Decatur officials are seeking to create a tax increment financing (TIF) district within the city limits to receive tax proceeds from future increases in assessed property valuation of businesses and industries in the city, but not from any single-family residences in town.
Such tax proceeds would go to the Decatur Redevelopment Commission (DRC) for use in economic development projects within the city limits as a way of gaining jobs, raising payroll and local revenue, and even selling homes to new working families.
A Decatur TIF would not involve any businesses or industries outside of the city limits and any move to enlarge the Decatur TIF would require the same lengthy and detailed process that has been used to get the idea for a city TIF this far.
A presentation about the TIF process, which has been in use in numerous states for many years and already exists in Berne, was given at Monday's meeting of the Adams County commissioners by Decatur Mayor John Schultz and City Attorney Tim Baker.
Baker commented that having a TIF district will be a big step up for Decatur to show further preparedness for businesses and industries that may wish to locate or expand here.
Baker, who said a TIF can only exist for 25 years, noted that if a TIF is set up, the assessed values of every property become a "base amount" and, for businesses and industries, whatever rises in assessed value occur will produce taxes that would go to the DRC for use on behalf of the community in economic development.
The DRC has five voting members: president Ron Storey, vice-president Rex Hinsky, secretary Larry Isch, and members Brent Arnold and Max Miller, plus non-voting member Ben Faurote, who represents North Adams Schools. Two others also participate in the meetings: Phyllis Whitright, Decatur's clerk-treasurer, and Baker, the DRC's legal counsel.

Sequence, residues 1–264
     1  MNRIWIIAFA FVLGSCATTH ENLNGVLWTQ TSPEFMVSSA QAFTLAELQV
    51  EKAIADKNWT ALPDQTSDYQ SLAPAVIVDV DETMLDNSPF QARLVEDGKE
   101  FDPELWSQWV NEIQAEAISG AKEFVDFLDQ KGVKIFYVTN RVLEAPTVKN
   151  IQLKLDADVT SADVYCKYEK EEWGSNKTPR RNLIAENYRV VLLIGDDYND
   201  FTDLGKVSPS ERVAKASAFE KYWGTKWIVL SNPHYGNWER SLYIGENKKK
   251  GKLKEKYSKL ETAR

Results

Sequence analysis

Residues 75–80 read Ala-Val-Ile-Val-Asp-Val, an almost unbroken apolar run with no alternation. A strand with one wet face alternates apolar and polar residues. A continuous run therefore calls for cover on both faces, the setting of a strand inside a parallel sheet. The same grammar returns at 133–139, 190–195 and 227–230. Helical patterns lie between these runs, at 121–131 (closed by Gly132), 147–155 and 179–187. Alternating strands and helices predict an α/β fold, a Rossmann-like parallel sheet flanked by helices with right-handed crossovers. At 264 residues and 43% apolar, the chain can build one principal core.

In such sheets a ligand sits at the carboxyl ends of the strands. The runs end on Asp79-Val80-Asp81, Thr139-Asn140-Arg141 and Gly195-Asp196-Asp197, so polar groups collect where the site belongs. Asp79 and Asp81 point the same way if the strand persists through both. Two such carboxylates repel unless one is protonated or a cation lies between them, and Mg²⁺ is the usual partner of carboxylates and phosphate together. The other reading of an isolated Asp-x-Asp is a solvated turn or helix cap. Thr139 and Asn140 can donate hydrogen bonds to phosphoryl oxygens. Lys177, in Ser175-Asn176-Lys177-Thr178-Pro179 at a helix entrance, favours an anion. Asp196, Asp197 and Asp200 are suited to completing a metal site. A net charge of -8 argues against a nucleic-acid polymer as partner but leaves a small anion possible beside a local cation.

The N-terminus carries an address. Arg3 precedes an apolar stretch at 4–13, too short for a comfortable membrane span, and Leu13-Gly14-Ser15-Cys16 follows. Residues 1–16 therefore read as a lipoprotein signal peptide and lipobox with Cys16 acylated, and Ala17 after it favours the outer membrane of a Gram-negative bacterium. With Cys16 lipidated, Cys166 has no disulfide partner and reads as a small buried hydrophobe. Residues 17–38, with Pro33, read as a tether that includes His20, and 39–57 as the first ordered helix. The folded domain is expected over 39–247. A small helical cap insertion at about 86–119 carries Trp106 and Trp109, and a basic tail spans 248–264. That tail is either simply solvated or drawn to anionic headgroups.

At Monday's meeting, Baker said the DRC will work within the city's comprehensive plan, which was redone in 2010, and said there may come a time for the city plan commission to discuss economic development matters with the county plan commission.
Baker pointed out that the DRC has designated four zones of interest in the city for further economic development:
• The St. Marys river bank just east of downtown, running south from Monroe St. to the east-west alley between Jefferson and Adams Sts.
• The railroad corridor between Meibers St. and Adams St.
• The full length of very busy 13th St.
The attorney also emphasized that there is no connection between a TIF district, which exists within a city's or town's limits, and an urban services area, which exists immediately outside Decatur's city limits.
Baker remarked that Berne created a TIF district to get an automotive parts plant to locate there (FCC Adams) and that TIFs have worked well in such places as Columbia City and Gas City.
However, the attorney stated, there will be redevelopment concepts debated and likely voted on at the 2012 session of the state legislature, which starts in January, and that could change some things in regard to TIF districts.
After the commissioners' meeting, Baker said use of revenues received by a TIF district could be a better incentive to economic development than tax abatements.